The four-week summer program, co-sponsored by the Portland Public Schools and the University of Southern Maine, seeks to build interest in the teaching profession while also increasing the diversity of our teachers. The program will provide an opportunity for participants to experience teaching firsthand as interns in a PPS summer learning classroom, and to earn three college credits, tuition-free, by attending an introductory course in education at USM.

We hope to start with 20 participants comprised of current high school students, college students who are not currently majoring in education, and adults from the community who are interested in teaching as a profession. Program attendees will also receive a stipend for participating.

We’re also launching a new staff training program to promote cultural competency and foster a deeper understanding of the role of culture in learning. Our Cultural Competency Training Program will begin with staff from Central Office, school leaders and teaching staff. We will extend this to all staff over the next two years. We are grateful for a grant from the Bangor Savings Bank Foundation to help underwrite some of this work and will continue to seek outside funding for this program.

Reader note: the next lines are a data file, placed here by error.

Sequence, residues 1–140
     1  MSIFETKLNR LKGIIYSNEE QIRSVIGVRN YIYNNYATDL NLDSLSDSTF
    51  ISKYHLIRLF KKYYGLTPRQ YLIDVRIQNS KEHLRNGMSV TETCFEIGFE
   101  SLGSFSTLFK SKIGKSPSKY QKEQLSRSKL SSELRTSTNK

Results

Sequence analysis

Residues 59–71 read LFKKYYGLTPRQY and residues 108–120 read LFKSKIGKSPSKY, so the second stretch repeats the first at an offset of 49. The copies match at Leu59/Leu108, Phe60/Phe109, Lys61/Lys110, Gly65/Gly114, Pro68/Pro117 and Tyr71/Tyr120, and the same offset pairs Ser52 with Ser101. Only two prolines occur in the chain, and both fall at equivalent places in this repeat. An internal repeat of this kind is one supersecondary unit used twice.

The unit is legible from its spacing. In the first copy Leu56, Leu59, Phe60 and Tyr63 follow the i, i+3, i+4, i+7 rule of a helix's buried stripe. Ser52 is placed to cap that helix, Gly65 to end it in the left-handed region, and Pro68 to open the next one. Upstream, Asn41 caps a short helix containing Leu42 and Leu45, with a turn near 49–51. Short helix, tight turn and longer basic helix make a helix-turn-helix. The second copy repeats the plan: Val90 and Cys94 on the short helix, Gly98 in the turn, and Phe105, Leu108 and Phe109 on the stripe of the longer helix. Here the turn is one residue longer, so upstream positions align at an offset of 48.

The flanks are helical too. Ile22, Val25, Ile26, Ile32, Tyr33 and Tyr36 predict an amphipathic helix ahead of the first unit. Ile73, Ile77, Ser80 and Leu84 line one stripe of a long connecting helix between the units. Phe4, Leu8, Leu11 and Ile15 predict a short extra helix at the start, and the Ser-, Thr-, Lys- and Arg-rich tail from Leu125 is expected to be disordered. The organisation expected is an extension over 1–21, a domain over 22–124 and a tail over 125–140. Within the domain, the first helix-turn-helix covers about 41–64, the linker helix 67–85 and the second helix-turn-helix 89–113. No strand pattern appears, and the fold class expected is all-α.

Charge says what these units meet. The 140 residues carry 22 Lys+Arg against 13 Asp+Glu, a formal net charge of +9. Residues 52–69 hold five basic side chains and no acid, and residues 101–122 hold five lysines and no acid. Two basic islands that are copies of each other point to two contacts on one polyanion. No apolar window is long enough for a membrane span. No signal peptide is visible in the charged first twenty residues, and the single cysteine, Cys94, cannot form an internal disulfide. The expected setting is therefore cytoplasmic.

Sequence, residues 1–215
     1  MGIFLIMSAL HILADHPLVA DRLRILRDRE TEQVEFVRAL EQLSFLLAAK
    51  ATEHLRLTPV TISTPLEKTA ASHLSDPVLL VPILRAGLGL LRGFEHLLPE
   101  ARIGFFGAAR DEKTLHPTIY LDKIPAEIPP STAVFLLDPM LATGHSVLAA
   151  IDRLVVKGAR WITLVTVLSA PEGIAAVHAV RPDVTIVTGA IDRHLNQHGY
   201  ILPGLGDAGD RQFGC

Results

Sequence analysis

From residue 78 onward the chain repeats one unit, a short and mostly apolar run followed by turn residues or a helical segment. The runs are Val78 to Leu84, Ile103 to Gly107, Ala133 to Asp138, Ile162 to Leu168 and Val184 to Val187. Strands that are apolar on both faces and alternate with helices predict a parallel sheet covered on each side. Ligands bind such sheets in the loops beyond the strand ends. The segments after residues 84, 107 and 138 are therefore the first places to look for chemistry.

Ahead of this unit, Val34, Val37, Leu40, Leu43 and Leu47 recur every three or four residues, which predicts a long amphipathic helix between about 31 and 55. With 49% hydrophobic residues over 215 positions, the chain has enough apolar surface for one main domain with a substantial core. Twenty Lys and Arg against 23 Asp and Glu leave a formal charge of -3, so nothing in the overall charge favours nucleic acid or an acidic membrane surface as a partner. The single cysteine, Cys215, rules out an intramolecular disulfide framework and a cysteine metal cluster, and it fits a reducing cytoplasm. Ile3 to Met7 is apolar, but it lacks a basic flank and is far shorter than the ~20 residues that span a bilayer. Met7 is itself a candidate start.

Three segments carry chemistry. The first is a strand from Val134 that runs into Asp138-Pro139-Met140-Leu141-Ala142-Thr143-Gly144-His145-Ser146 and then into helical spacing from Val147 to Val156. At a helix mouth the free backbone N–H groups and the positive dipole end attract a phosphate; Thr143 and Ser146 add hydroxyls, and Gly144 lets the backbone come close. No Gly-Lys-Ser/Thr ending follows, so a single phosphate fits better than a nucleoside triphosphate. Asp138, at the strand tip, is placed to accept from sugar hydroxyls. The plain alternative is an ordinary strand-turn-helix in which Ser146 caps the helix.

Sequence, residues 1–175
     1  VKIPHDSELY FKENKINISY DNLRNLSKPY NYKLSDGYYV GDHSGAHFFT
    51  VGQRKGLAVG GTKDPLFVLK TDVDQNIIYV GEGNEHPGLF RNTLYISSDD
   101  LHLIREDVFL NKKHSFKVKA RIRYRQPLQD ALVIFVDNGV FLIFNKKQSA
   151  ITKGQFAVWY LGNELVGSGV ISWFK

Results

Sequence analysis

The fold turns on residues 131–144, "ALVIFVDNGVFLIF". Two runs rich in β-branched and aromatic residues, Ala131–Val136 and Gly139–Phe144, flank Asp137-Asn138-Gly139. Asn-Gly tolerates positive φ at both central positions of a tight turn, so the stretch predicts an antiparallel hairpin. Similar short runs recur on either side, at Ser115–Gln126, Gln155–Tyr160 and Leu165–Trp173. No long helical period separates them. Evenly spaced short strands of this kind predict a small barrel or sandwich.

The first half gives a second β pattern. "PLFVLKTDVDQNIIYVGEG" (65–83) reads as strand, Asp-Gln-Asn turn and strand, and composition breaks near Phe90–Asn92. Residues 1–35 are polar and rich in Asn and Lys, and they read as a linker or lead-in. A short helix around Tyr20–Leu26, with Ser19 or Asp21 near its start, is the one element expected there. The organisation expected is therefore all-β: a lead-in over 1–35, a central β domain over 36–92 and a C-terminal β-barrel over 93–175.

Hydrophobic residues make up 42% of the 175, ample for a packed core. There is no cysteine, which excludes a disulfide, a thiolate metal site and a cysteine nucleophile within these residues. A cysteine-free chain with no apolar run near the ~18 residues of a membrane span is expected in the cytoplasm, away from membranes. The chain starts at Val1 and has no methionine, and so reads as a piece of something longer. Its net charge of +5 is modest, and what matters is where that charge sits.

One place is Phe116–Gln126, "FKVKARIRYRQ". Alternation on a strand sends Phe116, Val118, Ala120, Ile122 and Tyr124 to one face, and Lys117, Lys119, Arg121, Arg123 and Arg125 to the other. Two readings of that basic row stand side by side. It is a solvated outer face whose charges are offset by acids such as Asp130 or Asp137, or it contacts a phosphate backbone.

These initiatives will help us attract new talent, strengthen our organizational culture and assist the district in its mission of ensuring a challenging, relevant and joyful education that empowers every learner to make a difference in the world.

Monday, March 13, 2017

My Monthly Column – March 2017

Community Partners Help PPS Students Achieve
By Xavier Botana

I’ve been exploring the four goals in the Portland Public Schools’ new Comprehensive Plan in my monthly columns. I recently wrote about our Whole Student and Equity goals. This month, I’m focusing on our Achievement goal and the variety of ways the Portland Public Schools helps students achieve.

Our Achievement goal states that all our students will be prepared for college and career and empowered to pursue a productive postsecondary path.

That doesn’t mean all students necessarily will go to college. Our goal is to prepare every student to be ready for college, and to empower each student – through good guidance and an individual student plan – to be able to make a decision about whether to go to college or choose another postsecondary option.